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Crimea: 3 Things To Know About Ukraine's Latest Hot Spot

Crimea. It's no longer a day at the beach.
Oleg Nikishin
Getty Images
Crimea. It's no longer a day at the beach.

The unrest in Ukraine has now shifted eastward to Crimea. The region is an autonomous part of Ukraine, but with strong emotional ties to Russia and a majority of people who identify themselves as Russian.

Here is why Crimea is important to both Russia and Ukraine.

Location: The Crimean Peninsula juts into the Black Sea, narrowly attached to the Ukrainian mainland. In the east, it almost touches Russia.

But, says Padraic Kenney, a professor at the Indiana University School of Global and International Studies, Crimea is a special place for Russians.

"Traditionally, it's been a place for summer vacations, health visits; 19th-century Russian literature is full of scenes set in Crimea; it was a place for intellectuals to go," he says. "When Russians think of an imaginary map of Russian space, Crimea is part of that map."

Crimea is also of strategic importance to Russia: It's the location of Sevastopol, home to the Russian — and previously the Soviet — Black Sea naval fleet. In 2010, Russia and Ukraine signed a treaty that would extend Russian naval presence in the city until 2042 (it was previously due to expire in 2017).

History: In a story last year, NPR's Corey Flintoff described the Crimean Peninsula this way:

Those historical reasons are part of why Crimea has such an important role in the present conflict in Ukraine.

The important 20th century date in Crimea's history is 1954. That's when Soviet leader Nikita Khrushchev gave the peninsula as a gift to Ukraine. At the time, neither he nor anyone else foresaw the USSR's collapse. After the Soviet Union's demise in 1991, Crimea became part of Ukraine, and remains so to this day — but as an autonomous part of the country.

Back in 1945, Crimea was where President Franklin D. Roosevelt, British Prime Minister Winston Churchill and Soviet leader Joseph Stalin met to decide how Europe would be divided after World War II.

Just a year earlier, the peninsula was the scene of a policy decision that has repercussions to this day.

In 1944, Crimea's entire population of ethnic Tatars was rounded up on Stalin's orders and sent to the deserts of what was then Soviet Central Asia. Stalin accused them of collaborating with Germany, who had occupied the peninsula during World War II. The Tatars weren't allowed to return until the late 1980s.

Rewind a little more, and the Crimean Peninsula was the setting for the 1853-56 Crimean War that pitted Russia against an alliance of Britain, France and the Ottoman Empire (for the record, Russia lost). The war was famous for many things — Florence Nightingale and The Charge of the Light Brigade among them, but it was also the world's first media war.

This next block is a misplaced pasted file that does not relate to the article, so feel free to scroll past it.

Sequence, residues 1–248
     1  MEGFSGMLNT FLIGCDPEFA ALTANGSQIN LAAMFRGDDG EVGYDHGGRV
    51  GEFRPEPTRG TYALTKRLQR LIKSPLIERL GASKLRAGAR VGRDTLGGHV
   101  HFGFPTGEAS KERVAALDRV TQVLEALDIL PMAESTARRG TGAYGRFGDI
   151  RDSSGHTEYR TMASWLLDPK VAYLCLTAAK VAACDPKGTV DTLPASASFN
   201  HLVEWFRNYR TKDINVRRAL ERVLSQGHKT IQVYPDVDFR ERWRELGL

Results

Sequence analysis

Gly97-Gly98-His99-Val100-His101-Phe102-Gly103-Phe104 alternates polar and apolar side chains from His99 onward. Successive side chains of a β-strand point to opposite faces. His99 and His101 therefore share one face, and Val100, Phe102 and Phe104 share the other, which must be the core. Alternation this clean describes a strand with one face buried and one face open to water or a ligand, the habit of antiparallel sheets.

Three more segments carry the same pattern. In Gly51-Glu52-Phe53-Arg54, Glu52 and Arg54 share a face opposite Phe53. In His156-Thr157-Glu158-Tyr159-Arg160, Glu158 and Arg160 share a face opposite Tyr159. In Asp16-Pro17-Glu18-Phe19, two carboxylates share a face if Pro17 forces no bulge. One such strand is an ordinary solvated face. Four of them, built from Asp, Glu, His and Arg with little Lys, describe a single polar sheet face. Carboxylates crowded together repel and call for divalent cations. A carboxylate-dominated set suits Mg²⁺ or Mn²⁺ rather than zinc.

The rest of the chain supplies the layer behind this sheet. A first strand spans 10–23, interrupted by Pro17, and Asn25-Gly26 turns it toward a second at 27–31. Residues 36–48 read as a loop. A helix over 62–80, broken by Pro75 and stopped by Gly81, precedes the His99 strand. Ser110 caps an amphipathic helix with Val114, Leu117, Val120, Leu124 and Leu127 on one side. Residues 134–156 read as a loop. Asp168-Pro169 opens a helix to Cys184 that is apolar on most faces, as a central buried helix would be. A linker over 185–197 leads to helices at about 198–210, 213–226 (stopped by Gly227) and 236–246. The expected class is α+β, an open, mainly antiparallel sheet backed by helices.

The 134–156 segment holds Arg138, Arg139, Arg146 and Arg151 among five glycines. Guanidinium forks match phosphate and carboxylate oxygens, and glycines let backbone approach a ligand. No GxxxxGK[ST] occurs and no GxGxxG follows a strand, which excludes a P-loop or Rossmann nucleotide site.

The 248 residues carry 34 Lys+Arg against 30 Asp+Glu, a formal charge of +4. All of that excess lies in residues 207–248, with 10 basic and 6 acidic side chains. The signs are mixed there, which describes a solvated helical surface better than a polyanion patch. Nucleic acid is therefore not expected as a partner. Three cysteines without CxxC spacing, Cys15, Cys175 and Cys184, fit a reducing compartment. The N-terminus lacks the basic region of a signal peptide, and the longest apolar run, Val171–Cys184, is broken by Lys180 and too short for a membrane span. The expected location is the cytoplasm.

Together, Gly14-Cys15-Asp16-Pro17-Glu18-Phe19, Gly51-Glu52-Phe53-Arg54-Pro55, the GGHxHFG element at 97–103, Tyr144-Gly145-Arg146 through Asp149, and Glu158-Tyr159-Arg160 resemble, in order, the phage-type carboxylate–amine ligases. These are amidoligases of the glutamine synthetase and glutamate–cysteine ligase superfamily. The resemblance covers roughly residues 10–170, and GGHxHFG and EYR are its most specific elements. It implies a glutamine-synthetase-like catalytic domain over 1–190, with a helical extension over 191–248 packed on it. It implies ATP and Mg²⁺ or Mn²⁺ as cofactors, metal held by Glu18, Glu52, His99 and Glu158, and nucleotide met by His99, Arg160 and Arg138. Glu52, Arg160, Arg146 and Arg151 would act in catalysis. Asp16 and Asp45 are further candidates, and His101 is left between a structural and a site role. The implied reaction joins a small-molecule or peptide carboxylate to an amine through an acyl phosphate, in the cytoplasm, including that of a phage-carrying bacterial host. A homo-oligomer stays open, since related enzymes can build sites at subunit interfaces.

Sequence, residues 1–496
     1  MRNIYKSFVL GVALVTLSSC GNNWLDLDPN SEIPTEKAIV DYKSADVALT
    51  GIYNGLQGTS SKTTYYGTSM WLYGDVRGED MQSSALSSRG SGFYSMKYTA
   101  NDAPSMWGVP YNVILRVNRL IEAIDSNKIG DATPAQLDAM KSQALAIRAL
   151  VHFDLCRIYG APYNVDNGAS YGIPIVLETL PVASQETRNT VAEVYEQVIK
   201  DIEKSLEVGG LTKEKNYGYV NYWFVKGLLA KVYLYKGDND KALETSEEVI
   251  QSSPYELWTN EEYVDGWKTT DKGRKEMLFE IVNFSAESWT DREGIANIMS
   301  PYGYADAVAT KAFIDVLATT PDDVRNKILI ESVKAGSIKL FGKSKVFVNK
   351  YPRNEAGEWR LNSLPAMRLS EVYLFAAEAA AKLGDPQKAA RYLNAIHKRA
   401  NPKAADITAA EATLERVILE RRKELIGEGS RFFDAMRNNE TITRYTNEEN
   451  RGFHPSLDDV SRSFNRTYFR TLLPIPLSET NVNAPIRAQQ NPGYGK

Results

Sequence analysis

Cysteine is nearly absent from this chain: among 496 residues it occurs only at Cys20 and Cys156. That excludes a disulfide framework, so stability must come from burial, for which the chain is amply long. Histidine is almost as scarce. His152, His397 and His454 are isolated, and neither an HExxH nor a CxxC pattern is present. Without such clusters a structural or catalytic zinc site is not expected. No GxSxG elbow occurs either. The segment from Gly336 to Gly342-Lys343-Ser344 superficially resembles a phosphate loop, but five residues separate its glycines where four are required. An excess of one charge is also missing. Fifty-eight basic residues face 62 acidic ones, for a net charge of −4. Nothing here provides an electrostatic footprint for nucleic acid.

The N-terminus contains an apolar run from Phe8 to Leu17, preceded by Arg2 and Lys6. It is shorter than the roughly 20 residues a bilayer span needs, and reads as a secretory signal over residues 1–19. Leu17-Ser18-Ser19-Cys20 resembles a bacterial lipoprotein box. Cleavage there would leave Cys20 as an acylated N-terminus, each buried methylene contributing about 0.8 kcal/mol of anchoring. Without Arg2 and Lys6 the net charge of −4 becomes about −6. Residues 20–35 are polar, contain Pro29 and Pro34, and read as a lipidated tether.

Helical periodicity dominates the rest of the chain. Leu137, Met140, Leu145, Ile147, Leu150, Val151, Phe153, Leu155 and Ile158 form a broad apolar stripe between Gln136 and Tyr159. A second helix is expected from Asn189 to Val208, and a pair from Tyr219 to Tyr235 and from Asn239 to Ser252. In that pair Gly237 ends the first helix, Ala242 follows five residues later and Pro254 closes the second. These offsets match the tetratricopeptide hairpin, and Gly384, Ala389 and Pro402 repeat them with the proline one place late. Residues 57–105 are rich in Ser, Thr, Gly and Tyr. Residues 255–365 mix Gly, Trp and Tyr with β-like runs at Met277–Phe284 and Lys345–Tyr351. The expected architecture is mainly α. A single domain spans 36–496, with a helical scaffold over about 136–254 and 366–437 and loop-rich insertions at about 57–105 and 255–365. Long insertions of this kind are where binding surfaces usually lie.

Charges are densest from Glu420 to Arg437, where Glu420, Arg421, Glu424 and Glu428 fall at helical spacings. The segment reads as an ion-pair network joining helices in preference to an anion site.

Reporters and photographers not only covered the fighting, but their dispatches were read the same day thanks to the power of the telegraph. (WNYC's Radio Lab has an excellent episode on the authenticity of one of the famous photographs from the Crimean War).

What Now? About 60 percent of the people in Crimea are ethnic Russians and speak Russian — and some are loyal to Russia. The rest are Ukrainians and Tatars. Many Russians in Crimea are opposed to the new government in Kiev, while the Ukrainians and Tatars are believed to be behind the new regime. The two sides are facing off against each other, leading to fears that Crimea may secede and become the next flashpoint in the conflict in Ukraine.

That almost happened in 1994, when Crimea briefly flirted with independence and union with Russia. Andranik Migranyan, a political scientist and director of the Institute for Democracy and Cooperation in New York, a group that has close ties to Russia's leadership, says if that happens again the reaction from Russia might be very different.

Russia, he told NPR's Robert Siegel, views what's happening in Ukraine — and Crimea — as an "existential crisis." He added:

Indeed, Russia has accused Ukraine's new government of infringing on the rights of ethnic Russians.

As Mark Memmott reported over on our Two-Way blog, the Ukrainian parliament has inflamed tensions with ethnic Russians by "repealing a law that made Russian a second official language in areas of the nation where the Russian population is greater than 10 percent."

Paul Sonne, a reporter for The Wall Street Journal, who is in the region, told NPR's Melissa Block that ethnic Russians, fearful of their place in the new Ukraine, are signing up for militias. Here's what he said was happening in Simferopol, the capital of Crimea:

They weren't the only ones: Russian President Vladimir Putin ordered an urgent drill to test the readiness of his armed forces. Dmitri Trenin, the director of the Moscow Carnegie Center, told The New York Times that it's flag waving, but also "a message to Kiev not to impose its rule in Crimea by force."

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Krishnadev Calamur is NPR's deputy Washington editor. In this role, he helps oversee planning of the Washington desk's news coverage. He also edits NPR's Supreme Court coverage. Previously, Calamur was an editor and staff writer at The Atlantic. This is his second stint at NPR, having previously worked on NPR's website from 2008-15. Calamur received an M.A. in journalism from the University of Missouri.